A vast and rapid “invasion” of Europe will be taking place over the coming decades as the continued warming of the climate allows a large number of infectious diseases to expand into new territory, according to a new study from the University of Liverpool’s Institute of Infection and Global Health...
The study reports, though, that this rapid spread of infectious diseases will be fairly unpredictable, owing to the number of “drivers” behind the spread of some of them.
So, what sorts of diseases are we talking about here? Those spread by disease vectors that will be greatly expanding their range (ticks, mosquitoes, etc.) make up a fair portion of them, but those spread by food and water contamination and spread through soil will as well.
So, this includes diseases such as Lyme disease, malaria, sleeping sickness, etc., on the one hand, and diseases such as cholera, liver fluke infection, and anthrax on the other.
“Although there is a well-established link between climate change and infectious disease, we did not previously understand how big the effects will be and which diseases will be most affected,” commented Marie McIntyre, who led the project at the University of Liverpool’s Institute of Infection and Global Health.
“Climate sensitivity of pathogens is a key indicator that diseases might respond to climate change, so assessing which pathogens are most climate-sensitive, and their characteristics, is vital information if we are to prepare for the future.”
The IB Times provides more: “The large-scale review has mapped how 100 human infectious diseases are likely to spread or change their range due to climate change in Europe. Nearly two-thirds of the pathogens studied were sensitive to climate. The authors also studied 100 animal infectious diseases and found that a similar proportion were likely to be altered by climate change. Zoonotic diseases — those that jump from animals to humans, such as SARS, HIV, and Ebola — were more sensitive to change than those that infect either only humans or only animals.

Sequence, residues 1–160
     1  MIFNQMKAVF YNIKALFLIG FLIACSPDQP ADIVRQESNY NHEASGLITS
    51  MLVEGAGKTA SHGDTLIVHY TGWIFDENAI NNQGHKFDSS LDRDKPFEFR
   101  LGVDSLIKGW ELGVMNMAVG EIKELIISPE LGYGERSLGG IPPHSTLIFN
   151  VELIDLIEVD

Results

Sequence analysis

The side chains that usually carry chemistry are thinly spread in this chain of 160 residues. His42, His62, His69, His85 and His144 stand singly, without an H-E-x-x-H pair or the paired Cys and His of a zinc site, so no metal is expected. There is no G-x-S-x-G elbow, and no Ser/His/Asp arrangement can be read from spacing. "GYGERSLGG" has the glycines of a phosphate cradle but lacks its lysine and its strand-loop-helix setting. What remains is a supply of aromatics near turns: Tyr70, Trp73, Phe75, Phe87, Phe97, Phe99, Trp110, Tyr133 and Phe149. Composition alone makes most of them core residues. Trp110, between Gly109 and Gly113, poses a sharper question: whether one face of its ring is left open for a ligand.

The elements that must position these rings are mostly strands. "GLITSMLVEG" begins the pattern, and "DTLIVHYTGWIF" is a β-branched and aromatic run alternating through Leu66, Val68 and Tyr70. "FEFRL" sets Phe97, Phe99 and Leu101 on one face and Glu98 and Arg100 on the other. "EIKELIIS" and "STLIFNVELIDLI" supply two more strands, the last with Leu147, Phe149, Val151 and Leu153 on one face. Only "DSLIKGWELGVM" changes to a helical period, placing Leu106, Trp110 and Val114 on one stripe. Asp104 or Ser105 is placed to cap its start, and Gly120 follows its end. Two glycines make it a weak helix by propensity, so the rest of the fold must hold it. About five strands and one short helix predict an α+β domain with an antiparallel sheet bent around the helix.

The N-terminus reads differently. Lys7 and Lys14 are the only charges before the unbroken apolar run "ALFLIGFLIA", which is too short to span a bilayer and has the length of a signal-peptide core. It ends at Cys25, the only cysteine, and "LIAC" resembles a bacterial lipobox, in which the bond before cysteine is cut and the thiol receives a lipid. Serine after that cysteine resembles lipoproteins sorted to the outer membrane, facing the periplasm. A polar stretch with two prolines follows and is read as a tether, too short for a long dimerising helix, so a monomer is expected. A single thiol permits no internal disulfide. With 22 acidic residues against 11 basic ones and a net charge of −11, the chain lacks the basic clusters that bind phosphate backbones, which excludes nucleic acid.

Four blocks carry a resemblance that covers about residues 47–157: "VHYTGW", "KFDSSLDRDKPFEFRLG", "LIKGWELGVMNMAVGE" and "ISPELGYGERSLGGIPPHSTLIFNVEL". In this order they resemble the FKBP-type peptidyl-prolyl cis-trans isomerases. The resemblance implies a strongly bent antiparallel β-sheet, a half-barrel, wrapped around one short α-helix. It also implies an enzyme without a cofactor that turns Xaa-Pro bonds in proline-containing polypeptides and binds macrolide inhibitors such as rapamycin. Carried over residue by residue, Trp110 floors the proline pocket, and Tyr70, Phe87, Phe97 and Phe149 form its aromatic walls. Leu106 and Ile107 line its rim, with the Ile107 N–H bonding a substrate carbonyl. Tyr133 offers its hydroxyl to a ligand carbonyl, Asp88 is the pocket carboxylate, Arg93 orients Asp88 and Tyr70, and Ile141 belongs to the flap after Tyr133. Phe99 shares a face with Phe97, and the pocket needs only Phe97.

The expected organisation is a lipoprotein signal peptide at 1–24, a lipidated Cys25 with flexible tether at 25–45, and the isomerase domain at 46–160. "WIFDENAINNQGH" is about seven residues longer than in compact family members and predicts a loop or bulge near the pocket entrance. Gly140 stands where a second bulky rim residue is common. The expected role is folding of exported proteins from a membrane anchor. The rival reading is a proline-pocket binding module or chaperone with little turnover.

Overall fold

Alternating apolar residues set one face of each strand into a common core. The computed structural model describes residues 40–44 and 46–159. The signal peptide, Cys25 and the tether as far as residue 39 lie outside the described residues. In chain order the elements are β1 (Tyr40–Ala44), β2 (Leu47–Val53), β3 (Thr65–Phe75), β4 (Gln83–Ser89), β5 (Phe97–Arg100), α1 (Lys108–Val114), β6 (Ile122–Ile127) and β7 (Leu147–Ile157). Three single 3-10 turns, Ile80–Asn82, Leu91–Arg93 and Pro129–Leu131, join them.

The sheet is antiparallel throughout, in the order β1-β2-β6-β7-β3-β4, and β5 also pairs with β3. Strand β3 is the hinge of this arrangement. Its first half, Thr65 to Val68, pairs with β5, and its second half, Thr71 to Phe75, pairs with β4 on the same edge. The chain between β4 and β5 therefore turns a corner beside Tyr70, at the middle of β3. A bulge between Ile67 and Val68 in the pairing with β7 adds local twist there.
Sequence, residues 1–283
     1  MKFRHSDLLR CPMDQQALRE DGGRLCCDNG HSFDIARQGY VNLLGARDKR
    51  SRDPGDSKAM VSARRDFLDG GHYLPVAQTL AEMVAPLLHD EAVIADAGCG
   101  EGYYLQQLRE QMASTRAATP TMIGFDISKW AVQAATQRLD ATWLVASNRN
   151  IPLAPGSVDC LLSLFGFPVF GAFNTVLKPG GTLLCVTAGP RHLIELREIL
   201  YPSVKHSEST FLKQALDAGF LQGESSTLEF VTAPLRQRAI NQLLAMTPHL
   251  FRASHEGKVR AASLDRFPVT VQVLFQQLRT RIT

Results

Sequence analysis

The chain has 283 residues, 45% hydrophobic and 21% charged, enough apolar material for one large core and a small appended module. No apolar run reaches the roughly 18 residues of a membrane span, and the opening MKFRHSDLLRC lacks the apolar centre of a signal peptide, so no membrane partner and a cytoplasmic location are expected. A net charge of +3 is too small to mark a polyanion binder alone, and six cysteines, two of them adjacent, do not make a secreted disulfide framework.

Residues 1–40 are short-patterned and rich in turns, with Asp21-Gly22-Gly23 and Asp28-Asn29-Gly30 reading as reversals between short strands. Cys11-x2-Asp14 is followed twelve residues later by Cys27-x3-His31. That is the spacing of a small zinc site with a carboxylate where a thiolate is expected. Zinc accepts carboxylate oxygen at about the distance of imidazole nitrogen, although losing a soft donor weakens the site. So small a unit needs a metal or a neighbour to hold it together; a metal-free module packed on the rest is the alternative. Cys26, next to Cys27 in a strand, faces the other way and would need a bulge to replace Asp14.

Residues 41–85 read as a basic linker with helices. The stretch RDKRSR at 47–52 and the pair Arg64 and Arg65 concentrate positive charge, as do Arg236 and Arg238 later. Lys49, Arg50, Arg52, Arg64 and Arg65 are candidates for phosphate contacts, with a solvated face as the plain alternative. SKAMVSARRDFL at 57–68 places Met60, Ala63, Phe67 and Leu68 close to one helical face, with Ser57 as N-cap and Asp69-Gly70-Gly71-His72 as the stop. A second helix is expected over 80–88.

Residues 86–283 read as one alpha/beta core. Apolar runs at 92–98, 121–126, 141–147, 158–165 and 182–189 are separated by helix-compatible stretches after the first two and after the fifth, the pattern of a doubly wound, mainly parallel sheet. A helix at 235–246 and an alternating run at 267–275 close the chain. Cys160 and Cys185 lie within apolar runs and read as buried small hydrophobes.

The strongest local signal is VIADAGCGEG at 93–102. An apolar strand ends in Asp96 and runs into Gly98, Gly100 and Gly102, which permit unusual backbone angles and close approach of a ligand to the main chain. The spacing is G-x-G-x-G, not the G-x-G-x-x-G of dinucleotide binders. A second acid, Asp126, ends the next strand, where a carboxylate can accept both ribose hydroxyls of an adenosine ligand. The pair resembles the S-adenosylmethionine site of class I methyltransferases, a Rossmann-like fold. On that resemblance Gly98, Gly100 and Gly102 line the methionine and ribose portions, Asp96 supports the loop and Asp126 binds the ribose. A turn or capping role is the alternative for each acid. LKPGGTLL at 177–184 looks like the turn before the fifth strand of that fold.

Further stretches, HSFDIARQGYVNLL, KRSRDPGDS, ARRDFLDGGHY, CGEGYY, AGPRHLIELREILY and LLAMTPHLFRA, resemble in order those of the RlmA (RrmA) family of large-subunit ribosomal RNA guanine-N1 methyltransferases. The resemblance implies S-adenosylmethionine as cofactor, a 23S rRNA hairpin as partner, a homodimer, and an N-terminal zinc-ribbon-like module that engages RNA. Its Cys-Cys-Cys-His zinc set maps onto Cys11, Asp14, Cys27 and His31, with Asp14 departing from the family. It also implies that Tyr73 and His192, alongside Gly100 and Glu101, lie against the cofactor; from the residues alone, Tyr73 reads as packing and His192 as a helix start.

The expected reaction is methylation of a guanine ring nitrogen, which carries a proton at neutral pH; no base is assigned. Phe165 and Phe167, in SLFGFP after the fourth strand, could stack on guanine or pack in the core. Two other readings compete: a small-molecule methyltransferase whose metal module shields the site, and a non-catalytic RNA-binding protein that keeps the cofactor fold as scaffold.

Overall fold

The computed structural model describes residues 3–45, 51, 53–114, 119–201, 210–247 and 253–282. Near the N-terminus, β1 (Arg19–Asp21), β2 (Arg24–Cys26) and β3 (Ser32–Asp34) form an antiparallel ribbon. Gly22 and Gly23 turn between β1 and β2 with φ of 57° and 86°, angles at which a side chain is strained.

“… Some pathogens had many climate ‘drivers’, so that their response to a changing climate would be particularly large or unpredictable. The diseases with the most drivers were cholera, liver fluke, anthrax and Lyme disease.
“Currently, most models examining climate effects only consider a single or at most two climate drivers, so our results suggest that this should change if we really want to understand future impacts of climate change on health,” McIntyre concluded.
As most reading this will guess, the warming experienced over the last few decades has already seemingly had a hand in the spread of diseases beyond their historic ranges — the recent spread of the livestock diseases bluetongue and Schmallenberg disease in Europe, for instance. Or the spread of Zika in South America.
The new research is detailed in a paper published in the journal Scientific Reports.
Before ending this article, I want to make an important point here. Most people in the western world are prone to shrugging off the implications of contracting dangerous diseases nowadays, mostly because of the assumption that effective treatments will always be available. The truth, though, is that effective treatments won’t always be available. There are completely drug-resistant strains of many very dangerous diseases circulating in the wild (so to speak).
This situation is only going to get worse and worse as the century progresses, especially as regional warfare and social breakdown become more and more common (along with mass migration). It should be noted here that war zones and failed states are ideal conditions for the rapid spread of drug and antibiotic resistance amongst pathogens and diseases vectors.
The situations in Syria and Libya serve as good examples — antibiotic resistance amongst dangerous pathogens has surged very rapidly in those regions in recent years as a result of the implications of the conflicts there.
Something else to note: completely drug-resistant strains of some common STDs are now circulating widely as well. Some STDs that we think of nowadays as being relatively harmless can be quite debilitating, and even deadly, when treatment isn’t available.
Some of you are probably thinking that there are still treatment options available even when dealing with pathogens that possess resistance to regular treatment options, which is true to a degree … but there’s a vast difference between the relatively harmless drugs that are mostly in use nowadays and systemic antibiotics based around mercury or arsenic compounds. There are good reasons that modern antibiotics were embraced so enthusiastically, after all.
August 6th, 2017 by James Ayre
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